Income taxes are levied on an annual basis. Each year is the origin of a new liability and of a separate cause of action. Thus if a claim of liability or non-liability relating to a particular tax year is litigated, a judgment on the merits is res judicata as to any subsequent proceeding involving the same claim and the same tax year. But if the later proceeding is concerned with a similar or unlike claim relating to a different tax year, the prior judgment acts as a collateral estoppel only as to those matters in the second proceeding which were actually presented and determined in the first suit. * * * [Emphasis in original.]
We disagree with petitioner's position that the controlling facts have changed. The essential controlling facts relate to whether petitioner's purported transfer of farm assets to Imperial on May 24, 1983, should be recognized for Federal income tax purposes. That issue was litigated and decided in the prior Scherping case. Under Sunnen it is an issue which is subject to collateral estoppel for a later tax year. See Bank of America Natl. Trust & Sav. Assn. v. United States [77-1 USTC ╤ 9400], 552 F.2d 876 (9th Cir. 1977) (classification of a trust as an association taxable as a corporation); Phipps v. United States [75-1 USTC ╤ 9399], 206 Ct. Cl. 583, 515 F.2d 1099 (1975) (interpretation of partnership agreement); Lea, Inc. v. Commissioner [Dec. 34,984], 69 T.C. 762 (1978) (allocation of payments between covenant not to compete and goodwill).
Records of Imperial attached to respondent's motion and not disputed by petitioners indicated Daniel Strohmeier was president of Imperial until 1987. Petitioner makes no assertion that any facts have changed surrounding the May 24, 1983, transaction.
Petitioner asserts that another material factual difference is that the Scherpings milked cows in 1983 to 1985, but they no longer milk cows. Assuming this is correct, it would not lead us to a different conclusion relating to whether the purported transfer of farm assets was bona fide or whether petitioner is subject to tax on income from the farm.
Finally, we note that there is no evidence of any other transfer of petitioner's farm assets to Imperial at any time after May 24, 1983.
c. The Law
For collateral estoppel to apply, respondent must also show that there has been no change in the controlling legal principles since our decision in Scherping v. Commissioner, supra.
Respondent argues that the controlling legal principle here is that the taxation of an event is determined by its substance rather than its form, and that principle remains unchanged from our prior decision in Scherping v. Commissioner, supra.
Petitioner argues that the controlling principle of law has changed concerning whether income reported by Imperial may be attributed to petitioner. Petitioner's memorandum in opposition to respondent's motion asserts the following facts about Imperial, which facts we assume to be true for purposes of deciding respondent's motion. Imperial was issued a notice of deficiency for its taxable years ended June 30, 1985, and June 30, 1986. Imperial filed a petition in this Court, and a decision was entered May 8, 1990, in docket No. 12532-89. The decision found that there was no deficiency in income tax due from or overpayment due to Imperial, and that no additions to tax were due under sections 6653(a)(1) and (2) and 6661.
On March 14, 1988, Imperial filed its tax return for the period ending June 30, 1987. Petitioner contends that the time for assessment of tax against Imperial for that year expired on June 30, 1990.
Petitioner cites Kelley v. Commissioner [89-1 USTC ╤ 9360], 877 F.2d 756, 759 (9th Cir. 1989), and Fendell v. Commissioner [90-2 USTC ╤ 50,345], 906 F.2d 362, 364 (8th Cir. 1990), both decided after our earlier decision in Scherping v. Commissioner [Dec. 46,232(M)], T.C. Memo. 1989-678. In Kelley v. Commissioner, supra, the Ninth Circuit held that the Commissioner may not adjust a shareholder's return based on an adjustment of a subchapter S corporation's return after the statute of limitations has run on the corporation's return. In Fendell v. Commissioner, supra, the Eighth Circuit held that the expiration of the limitations period for auditing a complex trust's return bars adjustment of the amount of distributions claimed on the beneficiaries' individual returns. Petitioner argues that Imperial's tax years ending June 30, 1986, and June 30, 1987, are closed, and that income reported by Imperial in those years may not now be attributed to petitioner.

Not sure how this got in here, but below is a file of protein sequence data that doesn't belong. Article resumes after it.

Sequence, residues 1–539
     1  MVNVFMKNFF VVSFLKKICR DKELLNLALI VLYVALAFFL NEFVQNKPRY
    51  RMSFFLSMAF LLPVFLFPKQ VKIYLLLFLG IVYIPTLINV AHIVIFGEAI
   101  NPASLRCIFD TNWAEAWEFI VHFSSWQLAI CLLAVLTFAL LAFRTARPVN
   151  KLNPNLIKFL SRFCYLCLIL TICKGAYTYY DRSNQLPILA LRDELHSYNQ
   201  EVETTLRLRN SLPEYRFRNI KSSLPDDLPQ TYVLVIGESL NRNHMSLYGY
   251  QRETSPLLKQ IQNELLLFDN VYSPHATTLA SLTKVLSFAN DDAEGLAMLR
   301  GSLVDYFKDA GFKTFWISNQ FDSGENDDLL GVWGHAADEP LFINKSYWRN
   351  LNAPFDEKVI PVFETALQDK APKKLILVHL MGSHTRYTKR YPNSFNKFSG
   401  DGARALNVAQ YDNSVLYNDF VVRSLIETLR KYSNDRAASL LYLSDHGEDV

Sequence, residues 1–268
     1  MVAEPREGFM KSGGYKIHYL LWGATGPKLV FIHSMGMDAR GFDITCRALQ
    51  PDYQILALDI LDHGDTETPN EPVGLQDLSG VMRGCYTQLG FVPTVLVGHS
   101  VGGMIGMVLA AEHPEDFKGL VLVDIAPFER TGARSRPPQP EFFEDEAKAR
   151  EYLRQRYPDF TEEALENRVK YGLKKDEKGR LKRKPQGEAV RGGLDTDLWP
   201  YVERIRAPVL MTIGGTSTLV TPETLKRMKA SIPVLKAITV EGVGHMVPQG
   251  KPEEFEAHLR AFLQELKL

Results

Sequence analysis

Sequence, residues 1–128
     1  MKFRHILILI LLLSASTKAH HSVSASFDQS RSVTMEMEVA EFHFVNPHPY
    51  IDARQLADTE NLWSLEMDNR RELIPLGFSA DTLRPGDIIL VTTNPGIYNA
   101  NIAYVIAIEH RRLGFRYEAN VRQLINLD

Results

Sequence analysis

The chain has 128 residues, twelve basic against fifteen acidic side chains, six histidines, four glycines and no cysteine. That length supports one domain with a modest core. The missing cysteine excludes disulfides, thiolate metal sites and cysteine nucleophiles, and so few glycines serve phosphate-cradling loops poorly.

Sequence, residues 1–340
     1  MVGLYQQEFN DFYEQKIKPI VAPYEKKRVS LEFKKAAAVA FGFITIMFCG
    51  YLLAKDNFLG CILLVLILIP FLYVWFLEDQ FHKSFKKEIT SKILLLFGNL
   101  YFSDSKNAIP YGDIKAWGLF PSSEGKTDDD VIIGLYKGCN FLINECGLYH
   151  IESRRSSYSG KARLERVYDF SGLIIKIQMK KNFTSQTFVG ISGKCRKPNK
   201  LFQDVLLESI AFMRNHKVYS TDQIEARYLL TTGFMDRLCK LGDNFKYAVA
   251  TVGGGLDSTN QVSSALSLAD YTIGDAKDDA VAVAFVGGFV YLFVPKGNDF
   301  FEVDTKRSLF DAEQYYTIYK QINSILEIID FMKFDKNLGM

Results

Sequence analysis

We disagree. The principles of law in Kelley v. Commissioner, supra, and Fendell v. Commissioner, supra, are not the controlling legal principles here. In both Kelley and Fendell there was no dispute that the S corporation and trust were bona fide. It was undisputed that the items in question properly originated on the tax returns of the S corporation ( Kelley v. Commissioner, supra ) and trust ( Fendell v. Commissioner, supra ). In contrast, in our decision in Scherping v. Commissioner, supra, the issue was whether petitioner's transfer of farm assets to Imperial should be recognized for Federal income tax purposes. At best, petitioners' argument based on Kelley and Fendell assumes away that issue. We disagree with that assumption. The issue of whether the May 24, 1983, transfer was a sham, and whether petitioners (instead of Imperial) should be taxed on the farm income was properly before the Court in the prior Scherping case and is properly before the Court in the instant case.
d. The Issues
Petitioner argues that the previous case did not decide the taxable status of Imperial. However, petitioner and LaVern Scherping previously litigated the bona fides of the purported sale of their farm assets to Imperial. The Court decided the sale was a sham. We conclude that collateral estoppel prevents relitigation of this issue under these circumstances.
3. Petitioner's Jurisdictional Argument
Respondent's motion states that "The issue which is the subject of this motion, namely the taxable status of Imperial Investments" is the same as that decided in Scherping v. Commissioner [Dec. 46,232(M)], T.C. Memo. 1989-678. Petitioner argues that this Court never had jurisdiction to adjudicate the tax status or any other property interest of Imperial in Scherping v. Commissioner [Dec. 46,232(M)], T.C. Memo. 1989-678, nor does it have jurisdiction to do so in this case.
Our prior case decided that petitioner's transfer of farm assets to Imperial was not bona fide and should not be recognized for Federal income tax purposes. That issue is properly before the Court in this case.
An appropriate order will be issued.